Fulham skipper Brede Hangeland, who was assessed after returning to action in midweek, has been passed fit to face Arsenal. Nacho Monreal starts for the Gunners after recovering from a foot injury.Arsenal: Szczesny, Sagna, Mertesacker, Koscielny, Monreal, Flamini, Wilshere, Cazorla, Gnabry, Ozil, Giroud.Subs: Fabianski, Jenkinson, Gibbs, Rosicky, Podolski, Oxlade-Chamberlain, Ju-Young Park.Fulham Stekelenburg; Riether, Burn, Hangeland, Richardson; Dejagah, Sidwell, Parker, Kacaniklic; Dempsey, Berbatov.Subs: Stockdale, Riise, Kasami, Karagounis, Duff, Hughes, Bent.Follow West London Sport on TwitterFind us on Facebook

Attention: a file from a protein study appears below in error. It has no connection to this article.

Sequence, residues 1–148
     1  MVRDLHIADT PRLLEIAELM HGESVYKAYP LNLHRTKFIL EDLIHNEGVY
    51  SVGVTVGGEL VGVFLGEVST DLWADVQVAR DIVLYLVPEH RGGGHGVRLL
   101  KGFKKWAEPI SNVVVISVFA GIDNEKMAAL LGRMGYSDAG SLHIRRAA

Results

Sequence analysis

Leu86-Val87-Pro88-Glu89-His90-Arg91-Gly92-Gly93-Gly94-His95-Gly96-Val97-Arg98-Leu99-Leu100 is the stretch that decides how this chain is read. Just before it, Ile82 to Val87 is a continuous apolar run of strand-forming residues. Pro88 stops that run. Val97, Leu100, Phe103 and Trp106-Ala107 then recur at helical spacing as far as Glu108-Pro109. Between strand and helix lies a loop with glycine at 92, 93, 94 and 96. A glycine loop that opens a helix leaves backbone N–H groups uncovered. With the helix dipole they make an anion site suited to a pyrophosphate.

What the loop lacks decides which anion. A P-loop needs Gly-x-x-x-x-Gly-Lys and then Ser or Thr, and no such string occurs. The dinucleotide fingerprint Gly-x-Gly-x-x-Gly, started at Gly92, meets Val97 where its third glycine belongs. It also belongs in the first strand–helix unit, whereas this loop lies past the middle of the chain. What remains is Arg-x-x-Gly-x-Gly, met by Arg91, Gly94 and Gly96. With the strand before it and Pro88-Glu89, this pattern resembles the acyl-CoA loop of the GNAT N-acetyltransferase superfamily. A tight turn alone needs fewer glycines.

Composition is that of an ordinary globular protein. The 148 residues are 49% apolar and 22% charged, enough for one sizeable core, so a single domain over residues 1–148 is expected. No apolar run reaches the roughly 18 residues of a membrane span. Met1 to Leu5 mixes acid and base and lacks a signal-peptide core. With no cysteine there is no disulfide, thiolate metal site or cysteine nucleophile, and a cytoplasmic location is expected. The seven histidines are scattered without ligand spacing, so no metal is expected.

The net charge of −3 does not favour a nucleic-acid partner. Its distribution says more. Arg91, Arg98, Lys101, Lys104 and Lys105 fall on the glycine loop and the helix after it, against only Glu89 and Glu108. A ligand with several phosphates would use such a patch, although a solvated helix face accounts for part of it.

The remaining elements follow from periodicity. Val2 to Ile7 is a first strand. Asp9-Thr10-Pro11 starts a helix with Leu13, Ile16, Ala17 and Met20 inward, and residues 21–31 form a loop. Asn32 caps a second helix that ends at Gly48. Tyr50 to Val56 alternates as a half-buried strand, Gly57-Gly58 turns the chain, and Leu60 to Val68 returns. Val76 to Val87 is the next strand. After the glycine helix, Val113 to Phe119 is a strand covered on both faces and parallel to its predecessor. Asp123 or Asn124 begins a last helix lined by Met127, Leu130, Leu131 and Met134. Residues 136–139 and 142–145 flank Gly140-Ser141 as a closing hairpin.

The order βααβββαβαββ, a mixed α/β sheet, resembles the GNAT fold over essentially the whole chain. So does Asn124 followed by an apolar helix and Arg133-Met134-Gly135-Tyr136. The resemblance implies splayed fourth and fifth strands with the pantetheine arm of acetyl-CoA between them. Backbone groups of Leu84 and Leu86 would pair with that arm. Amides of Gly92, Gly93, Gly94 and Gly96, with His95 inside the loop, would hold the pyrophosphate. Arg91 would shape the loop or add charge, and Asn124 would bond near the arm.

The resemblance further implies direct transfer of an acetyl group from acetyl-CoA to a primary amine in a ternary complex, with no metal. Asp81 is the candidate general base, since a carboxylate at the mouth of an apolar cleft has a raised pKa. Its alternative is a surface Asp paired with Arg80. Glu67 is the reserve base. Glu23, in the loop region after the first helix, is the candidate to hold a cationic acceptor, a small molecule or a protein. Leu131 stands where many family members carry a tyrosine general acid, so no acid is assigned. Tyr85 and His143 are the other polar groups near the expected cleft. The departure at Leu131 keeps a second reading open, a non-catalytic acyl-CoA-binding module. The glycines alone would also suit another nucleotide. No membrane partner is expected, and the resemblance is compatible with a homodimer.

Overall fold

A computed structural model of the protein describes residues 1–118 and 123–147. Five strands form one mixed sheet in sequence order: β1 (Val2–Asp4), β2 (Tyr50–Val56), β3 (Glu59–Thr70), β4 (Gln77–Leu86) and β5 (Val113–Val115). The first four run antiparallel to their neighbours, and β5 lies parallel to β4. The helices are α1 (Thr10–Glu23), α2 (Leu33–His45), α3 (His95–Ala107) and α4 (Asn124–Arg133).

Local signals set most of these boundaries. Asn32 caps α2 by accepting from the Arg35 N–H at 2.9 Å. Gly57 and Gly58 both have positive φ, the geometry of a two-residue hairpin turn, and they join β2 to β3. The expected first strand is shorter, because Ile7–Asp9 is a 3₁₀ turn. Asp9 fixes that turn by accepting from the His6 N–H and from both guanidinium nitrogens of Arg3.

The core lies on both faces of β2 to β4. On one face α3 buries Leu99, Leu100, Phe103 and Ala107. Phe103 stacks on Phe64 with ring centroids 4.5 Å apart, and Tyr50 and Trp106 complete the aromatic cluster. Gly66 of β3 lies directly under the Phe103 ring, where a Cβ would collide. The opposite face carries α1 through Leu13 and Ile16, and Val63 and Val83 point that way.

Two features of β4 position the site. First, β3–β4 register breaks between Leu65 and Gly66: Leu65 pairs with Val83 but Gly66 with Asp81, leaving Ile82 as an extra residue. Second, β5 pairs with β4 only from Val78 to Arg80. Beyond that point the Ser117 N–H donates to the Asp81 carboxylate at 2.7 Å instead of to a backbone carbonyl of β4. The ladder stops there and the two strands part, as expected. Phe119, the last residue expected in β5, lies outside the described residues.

Johanneburg, 3 November, 2015 – At the 2015 EY Strategic Growth Forum on Africa, South Africa’s deputy president Cyril Ramaphosa said that if companies want to expand into Africa, they would need to understand that the continent is diverse and that growth strategies need to be tailored according to each country’s needs.South African deputy president, Cyril RamaphosaProgramme Director,EY Chief Executive Officer Ajen Sita,Ladies and Gentlemen,Thank you for inviting me to officially open the EY Strategic Growth Forum, a valuable platform for engagement on the challenges and opportunities in Africa.This Forum is an acknowledgement that Africa’s growth and development narrative is changing.It is an acknowledgment that while we appreciate many of the difficulties, we have not sufficiently explored the possibilities.The programme for this Forum seeks to look beyond conventional wisdom. You will most probably during the course of this conference be looking at what I regard as mega-trends that are unfolding and influencing a great deal of things that are happening in the world.The programme for this Forum is therefore quite exciting.It is a fresh approach that is reflective, evidence-based and forward-looking.It acknowledges that human progress depends on social interactions, better coordination of responses and shared responsibility.It is an approach that allows us all to take ownership of our common future.Ladies and Gentlemen,To do business well in Africa today requires more than traditional economic analysis.It requires an understanding that Africa is a very diverse continent, with a vast array of different social structures, political systems, economies, products and markets.For this reason, there is no single African growth story.And no business that seeks to operate across the continent can pursue a single African growth strategy.Africa is simply too large and too diverse.Yet, despite all this variety, most African economies share common features.Most are reliant on the extraction and export of raw materials.Most are constrained by inadequate infrastructure, low skills levels and limited industrial capacity.This exposes many African economies to fluctuations in commodity prices and depressed global demand.The lack of industrial capacity means that many African countries are unable to extract sufficient value from their natural resources.They are not able to realise the potential benefits for job creation, improved export earnings and inclusive growth.That is the part of the African story we know well.But the African story is changing.Africa’s future depends not so much on the rise of commodity prices but on the expansion and development of its human capital.A continent of over a billion people, Africa is said to have the fastest-growing middle class in the world.Opportunities that were not available a mere generation ago, are now within reach of millions more people.More Africans are educated, more are employed, more own assets.Africa has a young and rapidly expanding workforce.Over the next few decades, as many other countries grapple with the challenges of an ageing workforce, Africa has the potential to become the most vibrant, innovative and productive region in the world.But to achieve this potential, African countries – individually and collectively – need to pursue deliberate political, social and economic measures.Many of these measures are described in the African Union’s Agenda 2063.And many of them are being implemented.Even as many economies still rely on commodity exports, there is significant investment in other sectors.The growth in retail banking, telecommunications, information technology, niche and finished goods has been remarkable.African economies are becoming more diverse, more industrialised and more innovative.Today a large proportion of transfers in foreign currency are not carried out through the international banks, but through mobile money remittances from the African diaspora.Several African airlines, led by the likes of Kenya Airways and Ethiopian Airlines, are becoming more commercial viable, investing in new aircraft, opening up new routes and increasing intra-Africa commerce and trade.In countries like Nigeria and Kenya, even with limited internet connectivity, innovative technological solutions are improving the lives of rural communities.Cellphone-based technologies are revolutionising the practice of medicine.Thanks to apps being developed on this continent, a health worker at a rural clinic can refer an issue for specialist diagnosis, in real time, by simply taking a cellphone photo of a patient’s eye.African economies have both the potential and ability to leapfrog advanced economies in developing technologies suitable for local conditions and needs.Economic change in Africa is taking place alongside political change.Governments are increasingly concerned with need for stability as a precondition for economic growth and social development.African countries are more united than ever before in promoting good governance, regional integration and multilateralism.Through our work in the African Union we are steadily establishing an integrated community that values accountability, good governance and transparency.Through a strong peer review mechanism we are seeing less conflict.With some notable exceptions, changes in government take place through the ballot box and not through the barrel of a gun.More than ever Africa is resolving its challenges through mediation, peace and dialogue.African countries are working hard to transform their economies.Governments are supporting programmes that promote manufacturing and competitiveness.They are encouraging new growth opportunities by investing in economic and social infrastructure.Importantly, African countries are collaborating on cross-border infrastructure projects that foster greater integration and trade.Many of these fall under the auspices of the Presidential Infrastructure Championing Initiative headed by President Jacob Zuma.This initiative is providing political leadership to projects such as the trans-Saharan highway between Algeria and Nigeria, the Grand Inga Dam in the DRC, and the North-South Corridor in Southern Africa.At a national level – in South Africa – we are undertaking a massive infrastructure investment programme overseen by the Presidential Infrastructure Coordinating Commission.It is improving the capacity of our economy through better roads, ports, railways, electricity generation capacity and water infrastructure.It is improving people’s lives through new hospitals, clinics, schools and bus rapid transit systems.It is part of a broader economic strategy that seeks to grow the economy by increasing investment in productive economic sectors like manufacturing, agriculture.Central to the economic future of our country is the development of the skills of its people.Nowhere has the impact of apartheid been more keenly felt than in education.By depriving generations of black South Africans of a decent education, the apartheid government sought to deny them and their descendants a prosperous future.We have allocated R640 billion to basic education over the next three years. Much of this will go to improving school infrastructure, ensuring all learners receive suitable learning materials, and improving teacher training.We have significantly expanded access to higher education, and have increased the funding available to poor students through the National Student Financial Aid Scheme (NSFAS).The amount disbursed annually by NSFAS has grown by approximately 270% since 2008, and is budgeted to grow even further in the next few years.But what has been made very clear by events over the last few weeks is that the funding of higher education remains a critical problem.We need to ensure that no-one is excluded from higher education because of an inability to pay.At the same time, we need to find funding mechanisms that are sustainable and ensure a high quality of education.We should therefore welcome the decision that the Presidential task team established to look at funding higher education will now be broadened to look at other issues of transformation in the sector.This is a matter of great urgency and great consequence.No country has managed to achieve what we are seeking to achieve without affordable, accessible, quality higher education.Through their actions, the students of South Africa have, quite correctly, underlined this critical imperative.As a country, we must now move with speed and purpose to address these fundamental issues of access, transformation and quality outcomes.Ladies and Gentlemen, there are many ways to describe Africa’s recent progress and the expectations that many have of its imminent economic and social emergence.During the course of this Forum we can expect that these descriptions will be scrutinised and enriched and enhanced.I would now like to turn to what I referred to in my opening remarks as mega-trends that business needs to address and pay attention to.EY has produced a report setting out five mega trends, to which I have added my own five. The 10 trends are:1. Shared value;2. Regional integration;3. Infrastructure development;4. Entrepreneurship;5. Partnership;6. The level of consciousness of the people of the world is rising; people are becoming more discerning and are not prepared to accept shoddy service;7. Growth of the middle class, and on the African continent in particular;8. People’s demand for good governance;9. Innovation, particularly the grasp of technology in Africa10. Hope for the future: people are more hopeful about the future; (even) when they protest, they are doing so to secure a better future.I would like to conclude with what I consider to be one of the most compelling accounts of what we are witnessing in Africa today.It was written over a century ago by Pixley ka Isaka Seme.He said:“The brighter day is rising upon Africa. Already I seem to see her chains dissolved, her desert plains red with harvest, her Abyssinia and her Zululand the seats of science and religion, reflecting the glory of the rising sun from the spires of their churches and universities.“Her Congo and her Gambia whitened with commerce, her crowded cities sending forth the hum of business, and all her sons employed in advancing the victories of peace-greater and more abiding than the spoils of war.“Yes, the regeneration of Africa belongs to this new and powerful period!”I thank you.